Power6 Blades Finally Come to Market from IBM
November 12, 2007 Timothy Prickett Morgan
After something close to six years of waiting, customers who are used to supporting applications on full-blown Power processors from IBM are finally getting an enterprise-grade blade server for Big Blue’s BladeCenter chassis. As previously divulged in this newsletter months ago, IBM last week has indeed launched the JS22 blade server, which crams two dual-core Power6 processors onto a single board and which supports AIX and Linux. The JS22 blade will support the i5/OS operating system early in 2008.
IBM was rumored to be working on two Power6-based BladeCenter machines, one called the JS22 and the other called the JS12. A few months ago, I conjectured that the names might mean the JS22 had a single socket with two Power6 cores activated and the JS12, if such a machine existed at all, might have a single socket with one Power6 core turned on. As it turns out, the JS22 blade server will provide a lot more oomph than expected, in that it ships with two dual-core Power6 chips, with all four cores running at 4 GHz. IBM did not announce a JS12 blade last week, and when I asked about it, Scott Handy, vice president of marketing and strategy for IBM’s Power Systems division, was as quiet as corn growing under the July sun.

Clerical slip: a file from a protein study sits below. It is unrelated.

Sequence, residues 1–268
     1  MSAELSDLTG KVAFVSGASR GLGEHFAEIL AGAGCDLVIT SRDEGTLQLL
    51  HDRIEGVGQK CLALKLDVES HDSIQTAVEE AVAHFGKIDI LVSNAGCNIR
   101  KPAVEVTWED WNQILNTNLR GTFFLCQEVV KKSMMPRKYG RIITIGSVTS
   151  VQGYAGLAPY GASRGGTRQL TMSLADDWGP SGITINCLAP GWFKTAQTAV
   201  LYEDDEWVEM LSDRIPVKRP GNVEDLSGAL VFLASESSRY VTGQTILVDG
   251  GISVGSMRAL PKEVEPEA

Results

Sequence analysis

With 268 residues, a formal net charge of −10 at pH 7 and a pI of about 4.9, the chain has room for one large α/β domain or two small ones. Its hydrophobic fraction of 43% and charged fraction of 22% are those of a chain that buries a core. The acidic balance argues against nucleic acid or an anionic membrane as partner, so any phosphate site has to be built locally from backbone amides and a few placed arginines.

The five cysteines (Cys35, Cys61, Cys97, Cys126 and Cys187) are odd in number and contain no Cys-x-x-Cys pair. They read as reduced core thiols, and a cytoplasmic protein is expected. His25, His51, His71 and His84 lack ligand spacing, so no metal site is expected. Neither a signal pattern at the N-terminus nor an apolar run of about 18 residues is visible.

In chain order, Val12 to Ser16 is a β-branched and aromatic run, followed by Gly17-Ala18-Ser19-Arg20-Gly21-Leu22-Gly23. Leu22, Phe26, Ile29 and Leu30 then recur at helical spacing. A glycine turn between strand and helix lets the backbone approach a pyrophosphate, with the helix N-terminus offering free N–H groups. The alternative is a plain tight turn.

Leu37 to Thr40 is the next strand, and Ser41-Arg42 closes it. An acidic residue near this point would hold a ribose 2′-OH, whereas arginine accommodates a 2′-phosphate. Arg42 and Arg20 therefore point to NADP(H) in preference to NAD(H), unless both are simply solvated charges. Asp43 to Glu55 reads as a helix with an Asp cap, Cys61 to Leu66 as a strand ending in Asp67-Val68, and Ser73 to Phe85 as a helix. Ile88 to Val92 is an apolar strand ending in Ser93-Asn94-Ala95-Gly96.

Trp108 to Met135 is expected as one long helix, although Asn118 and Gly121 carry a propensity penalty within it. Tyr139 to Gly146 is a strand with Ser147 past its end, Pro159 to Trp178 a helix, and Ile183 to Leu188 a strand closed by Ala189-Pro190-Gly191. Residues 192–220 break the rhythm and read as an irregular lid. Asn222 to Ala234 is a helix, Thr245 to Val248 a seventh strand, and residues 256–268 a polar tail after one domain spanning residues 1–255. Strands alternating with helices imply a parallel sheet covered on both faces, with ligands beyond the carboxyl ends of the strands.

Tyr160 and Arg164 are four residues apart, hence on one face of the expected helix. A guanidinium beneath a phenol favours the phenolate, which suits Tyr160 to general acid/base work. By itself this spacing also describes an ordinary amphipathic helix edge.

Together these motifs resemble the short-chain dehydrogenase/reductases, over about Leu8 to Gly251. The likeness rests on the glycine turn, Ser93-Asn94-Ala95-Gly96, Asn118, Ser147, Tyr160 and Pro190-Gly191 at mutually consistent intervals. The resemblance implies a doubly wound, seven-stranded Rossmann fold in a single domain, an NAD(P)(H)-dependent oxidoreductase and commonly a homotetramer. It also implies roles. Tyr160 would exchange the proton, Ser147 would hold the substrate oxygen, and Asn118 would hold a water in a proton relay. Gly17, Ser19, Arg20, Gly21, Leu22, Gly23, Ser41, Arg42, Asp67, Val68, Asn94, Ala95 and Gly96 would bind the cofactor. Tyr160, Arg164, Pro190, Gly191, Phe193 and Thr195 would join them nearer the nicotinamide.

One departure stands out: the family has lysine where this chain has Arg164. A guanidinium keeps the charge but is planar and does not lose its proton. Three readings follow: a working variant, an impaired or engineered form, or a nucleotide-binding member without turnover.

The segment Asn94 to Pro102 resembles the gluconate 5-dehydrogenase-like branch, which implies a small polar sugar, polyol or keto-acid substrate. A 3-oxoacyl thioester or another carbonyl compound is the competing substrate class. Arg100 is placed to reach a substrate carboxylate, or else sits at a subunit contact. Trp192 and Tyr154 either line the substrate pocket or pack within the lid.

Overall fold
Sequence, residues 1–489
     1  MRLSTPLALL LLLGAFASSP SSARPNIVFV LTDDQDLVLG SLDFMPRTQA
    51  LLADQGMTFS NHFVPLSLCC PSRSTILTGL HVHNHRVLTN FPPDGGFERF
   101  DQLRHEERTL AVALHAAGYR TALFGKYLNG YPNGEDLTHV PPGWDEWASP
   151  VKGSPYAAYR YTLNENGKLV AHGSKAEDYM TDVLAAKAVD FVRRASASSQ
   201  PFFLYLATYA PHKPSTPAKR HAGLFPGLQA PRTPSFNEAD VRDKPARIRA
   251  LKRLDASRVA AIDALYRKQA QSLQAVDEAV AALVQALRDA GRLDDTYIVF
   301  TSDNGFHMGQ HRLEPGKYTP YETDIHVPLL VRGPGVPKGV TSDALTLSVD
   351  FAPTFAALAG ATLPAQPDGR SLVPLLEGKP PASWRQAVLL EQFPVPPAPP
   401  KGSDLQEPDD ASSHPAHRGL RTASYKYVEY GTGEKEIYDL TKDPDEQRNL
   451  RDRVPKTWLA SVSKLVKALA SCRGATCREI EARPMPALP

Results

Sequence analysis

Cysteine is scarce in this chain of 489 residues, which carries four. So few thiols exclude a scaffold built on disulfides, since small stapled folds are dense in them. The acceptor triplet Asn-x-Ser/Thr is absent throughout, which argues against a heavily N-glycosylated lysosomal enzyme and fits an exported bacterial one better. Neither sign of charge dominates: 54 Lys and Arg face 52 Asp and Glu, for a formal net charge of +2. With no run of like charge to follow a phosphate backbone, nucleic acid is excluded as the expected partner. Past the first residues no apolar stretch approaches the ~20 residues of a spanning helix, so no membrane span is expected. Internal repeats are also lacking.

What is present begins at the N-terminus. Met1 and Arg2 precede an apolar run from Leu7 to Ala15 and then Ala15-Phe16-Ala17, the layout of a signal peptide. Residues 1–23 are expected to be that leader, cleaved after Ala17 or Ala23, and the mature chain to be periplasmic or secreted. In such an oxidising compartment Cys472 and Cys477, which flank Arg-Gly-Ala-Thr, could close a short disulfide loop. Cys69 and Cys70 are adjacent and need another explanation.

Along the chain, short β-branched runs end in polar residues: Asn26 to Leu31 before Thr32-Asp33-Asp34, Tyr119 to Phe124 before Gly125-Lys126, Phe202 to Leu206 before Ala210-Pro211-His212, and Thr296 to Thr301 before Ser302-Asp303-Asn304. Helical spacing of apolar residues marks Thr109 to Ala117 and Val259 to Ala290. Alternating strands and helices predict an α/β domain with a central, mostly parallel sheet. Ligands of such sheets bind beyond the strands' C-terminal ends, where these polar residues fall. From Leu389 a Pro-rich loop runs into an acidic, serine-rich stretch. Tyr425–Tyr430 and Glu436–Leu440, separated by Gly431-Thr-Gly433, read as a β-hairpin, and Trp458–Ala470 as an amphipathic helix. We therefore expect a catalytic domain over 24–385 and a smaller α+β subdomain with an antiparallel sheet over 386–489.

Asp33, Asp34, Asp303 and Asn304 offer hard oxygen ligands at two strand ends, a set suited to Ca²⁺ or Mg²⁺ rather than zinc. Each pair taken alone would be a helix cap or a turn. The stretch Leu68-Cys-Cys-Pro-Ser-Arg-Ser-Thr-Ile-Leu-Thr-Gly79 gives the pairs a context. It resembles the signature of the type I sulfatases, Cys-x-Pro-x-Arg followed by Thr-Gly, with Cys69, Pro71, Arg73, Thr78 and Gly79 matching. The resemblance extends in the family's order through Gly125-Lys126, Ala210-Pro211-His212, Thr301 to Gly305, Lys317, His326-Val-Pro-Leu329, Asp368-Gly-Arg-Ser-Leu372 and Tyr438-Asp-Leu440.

The JS22 blade uses two Power6 single chip modules, or SCMs, and they are wired directly onto the blade rather than being linked at the chip level, as is the case in multichip module (MCM) configurations in IBM’s larger System p and System i Power-based servers. The blades do not use IBM’s quad-core module (QCM) approach, either, which takes two slightly slower dual-core chips and puts them in the same ceramic package so they can share a single CPU socket. Each Power6 core in the JS22 has 64 KB of instruction and 32 KB of data L1 cache memory, and each core has its own 4 MB L2 cache as well. The cores have their own dedicated VMX vector math and decimal math units (the latter being a new technology with the Power6 chips and the first commercial implementation of the idea to date). The Power6 chip has an integrated main memory controller, and this particular iteration of the chip can support up to four DDR2 DIMMs per core, yielding a maximum main memory of 32 GB for the blade. The blade also has room for one 73 GB or 146 GB 2.5-inch SAS disk if customers want to have a local operating system image in the blade, as well as daughter cards that plug into the blade for Fibre Channel and iSCSI links to outside storage. The blade also has two integrated Gigabit Ethernet ports.
According to Handy, IBM is splitting the Advanced Power Virtualization hypervisor that runs on its Power-based servers into two different products with this round of Power server announcements and the delivery of AIX 6.1, which happened last Friday. APV Standard Edition is the regular hypervisor IBM has been shipping for years, and APV Enterprise Edition is the hypervisor that provides the Live Partition Mobility feature that is new with the Power6 iron and which is supported on AIX 5.3, AIX 6.1, Linux, and maybe i5/OS at some point in the future. Live Partition Mobility allows a running logical partition–including its operating system and applications–to be transported from one physical machine to another one, thereby allowing customers to have new kinds of disaster recovery plans and to virtually eliminate application downtime even as they have to patch software and upgrade hardware. Because IBM wants to pitch the JS22 blades as a consolidation play against Linux on X64 servers and competitor’s Unix boxes, the blades are getting the APV Standard Edition bundled on for free, which normally would cost $309 per Power6 core.